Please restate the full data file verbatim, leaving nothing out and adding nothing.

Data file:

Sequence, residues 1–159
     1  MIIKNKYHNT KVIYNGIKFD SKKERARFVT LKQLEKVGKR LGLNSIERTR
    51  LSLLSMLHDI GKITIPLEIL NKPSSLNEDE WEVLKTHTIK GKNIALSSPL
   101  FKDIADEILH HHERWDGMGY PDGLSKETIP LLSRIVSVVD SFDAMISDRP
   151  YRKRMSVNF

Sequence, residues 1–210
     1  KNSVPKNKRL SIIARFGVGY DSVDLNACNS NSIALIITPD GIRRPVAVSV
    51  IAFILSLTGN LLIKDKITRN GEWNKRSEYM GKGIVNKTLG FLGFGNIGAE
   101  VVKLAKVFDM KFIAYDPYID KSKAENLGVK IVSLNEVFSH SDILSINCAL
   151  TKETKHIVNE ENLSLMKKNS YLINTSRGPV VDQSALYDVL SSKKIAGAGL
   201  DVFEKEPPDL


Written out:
Sequence, residues 1–159
     1  MIIKNKYHNT KVIYNGIKFD SKKERARFVT LKQLEKVGKR LGLNSIERTR
    51  LSLLSMLHDI GKITIPLEIL NKPSSLNEDE WEVLKTHTIK GKNIALSSPL
   101  FKDIADEILH HHERWDGMGY PDGLSKETIP LLSRIVSVVD SFDAMISDRP
   151  YRKRMSVNF

Sequence, residues 1–210
     1  KNSVPKNKRL SIIARFGVGY DSVDLNACNS NSIALIITPD GIRRPVAVSV
    51  IAFILSLTGN LLIKDKITRN GEWNKRSEYM GKGIVNKTLG FLGFGNIGAE
   101  VVKLAKVFDM KFIAYDPYID KSKAENLGVK IVSLNEVFSH SDILSINCAL
   151  TKETKHIVNE ENLSLMKKNS YLINTSRGPV VDQSALYDVL SSKKIAGAGL
   201  DVFEKEPPDL